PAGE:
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Light positioned at 35-40 feet in front of the rider

Overall Impression:

I have owned several light systems over the years, some with considerable firepower. One thing that stands out about the F3 is that it is light and easy to use. The battery seems to hold a charge for a long time, which makes it easy to keep it in my bag for weeks and not worry if it is charged or not. I have no idea how long it lasts. On all of my rides lasting 60-90 minutes, it still had plenty of juice. The small size and weight makes it even easier to throw in my pack for late afternoon rides, just in case I decide to ride into the night or have an unexpected mechanical. The unit feels like it is made of really high quality materials, and removing the battery to charge it is a snap.

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The F3 mounts to almost any helmet, bar, or stem in a snap. No excuses for leaving this little guy behind on a later afternoon fall ride

Some users may not like the fact that you cannot simply connect a charging cable to the F3 itself, but instead have to unscrew a cap to remove the battery, then place the battery in a separate charging unit. I feel your pain, but this process has distinct advantages. First, it allows you to have and charge more than one battery, which is great if you are planning to ride for long hours in the dark, such as an endurance race, without carrying a lot of extra lights. Second, if you own more than one battery, it lets you charge one (or more), while using the other. This is nice if you use it for commuting, and plan to ride after work. Third, it keeps the unit sealed, protecting it from the elements. Lastly, aside from the F-series lights, Jet Lights also makes more compact X-series lights. Lights can be combined as part of a complete light system. More details can be found at: http://jetlites.com/product/f3-f-lite-series/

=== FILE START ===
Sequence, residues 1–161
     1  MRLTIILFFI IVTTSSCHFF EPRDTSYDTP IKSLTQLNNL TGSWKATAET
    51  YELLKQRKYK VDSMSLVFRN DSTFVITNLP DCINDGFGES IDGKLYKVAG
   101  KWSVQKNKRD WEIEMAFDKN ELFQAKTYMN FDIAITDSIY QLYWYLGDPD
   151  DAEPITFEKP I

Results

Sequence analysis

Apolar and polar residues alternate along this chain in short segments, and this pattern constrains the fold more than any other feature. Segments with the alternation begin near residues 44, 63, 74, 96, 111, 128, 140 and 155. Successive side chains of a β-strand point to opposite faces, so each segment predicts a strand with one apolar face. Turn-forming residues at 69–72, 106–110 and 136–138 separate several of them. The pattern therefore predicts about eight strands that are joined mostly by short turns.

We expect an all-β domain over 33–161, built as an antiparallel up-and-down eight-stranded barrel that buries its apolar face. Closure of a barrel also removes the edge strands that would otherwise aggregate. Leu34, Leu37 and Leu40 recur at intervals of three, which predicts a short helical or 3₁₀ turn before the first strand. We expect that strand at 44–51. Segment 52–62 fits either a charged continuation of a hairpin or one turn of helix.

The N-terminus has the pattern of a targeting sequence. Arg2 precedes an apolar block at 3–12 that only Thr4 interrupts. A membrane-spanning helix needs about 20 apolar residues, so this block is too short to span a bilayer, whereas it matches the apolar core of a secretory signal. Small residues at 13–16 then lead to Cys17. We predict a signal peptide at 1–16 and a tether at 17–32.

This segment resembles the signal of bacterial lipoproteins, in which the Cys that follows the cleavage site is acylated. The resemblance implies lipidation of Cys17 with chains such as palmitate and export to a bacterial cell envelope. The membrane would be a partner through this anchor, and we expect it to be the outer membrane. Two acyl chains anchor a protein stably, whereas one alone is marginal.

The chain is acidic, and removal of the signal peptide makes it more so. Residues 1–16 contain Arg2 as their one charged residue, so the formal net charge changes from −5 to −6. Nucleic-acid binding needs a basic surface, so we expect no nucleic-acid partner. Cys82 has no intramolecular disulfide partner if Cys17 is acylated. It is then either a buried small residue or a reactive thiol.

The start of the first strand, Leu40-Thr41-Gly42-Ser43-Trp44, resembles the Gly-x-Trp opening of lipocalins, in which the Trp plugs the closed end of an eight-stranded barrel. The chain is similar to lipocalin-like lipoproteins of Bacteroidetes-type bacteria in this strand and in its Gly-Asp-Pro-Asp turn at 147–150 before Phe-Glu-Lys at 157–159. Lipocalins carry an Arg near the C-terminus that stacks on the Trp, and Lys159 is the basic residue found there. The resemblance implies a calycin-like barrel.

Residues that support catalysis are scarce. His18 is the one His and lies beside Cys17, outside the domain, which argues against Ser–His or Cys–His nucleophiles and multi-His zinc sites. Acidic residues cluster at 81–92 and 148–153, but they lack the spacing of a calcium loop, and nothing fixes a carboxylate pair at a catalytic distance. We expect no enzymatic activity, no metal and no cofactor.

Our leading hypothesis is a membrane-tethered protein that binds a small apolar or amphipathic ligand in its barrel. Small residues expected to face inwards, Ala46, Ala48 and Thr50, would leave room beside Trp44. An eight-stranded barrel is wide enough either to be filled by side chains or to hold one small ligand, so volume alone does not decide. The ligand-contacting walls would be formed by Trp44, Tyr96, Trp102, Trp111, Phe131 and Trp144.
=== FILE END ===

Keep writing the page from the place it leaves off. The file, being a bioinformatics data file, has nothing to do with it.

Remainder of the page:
MSRP: $199

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Thanks to Jet Lites for providing the F3 for review. 

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Paul stumbled upon mountain biking in his twenties after upgrading his rigid purple Roadmaster to a shiny yellow Cannondale Super V900 . He resides in central Colorado, where he preaches the gospel of the (true) fat tire and he's been known to ride excessive amounts of wheelies. He is known for being surly, is opinionated, delights in run on sentences, and probably doesn't care what you think. He believes in following the rules. He frowns on people who don't do the right thing, or people who take themselves too seriously. His biggest pet peeve are Subarus that creep along slowly in the left lane. His best conversations are often with himself. When he is not riding, he appreciates exotic espresso, craft libations, Led Zeppelin, and making excuses. He's been known to jump out of perfectly good aircraft and pet sharks underwater (simultaneously). His fat bike is more prepared for the zombie apocalypse than you are. When he is not trying to be funny, Paul also likes traveling the world, photography, being a dad, and chronicling his crotchety shenanigans. Platypus. That is all.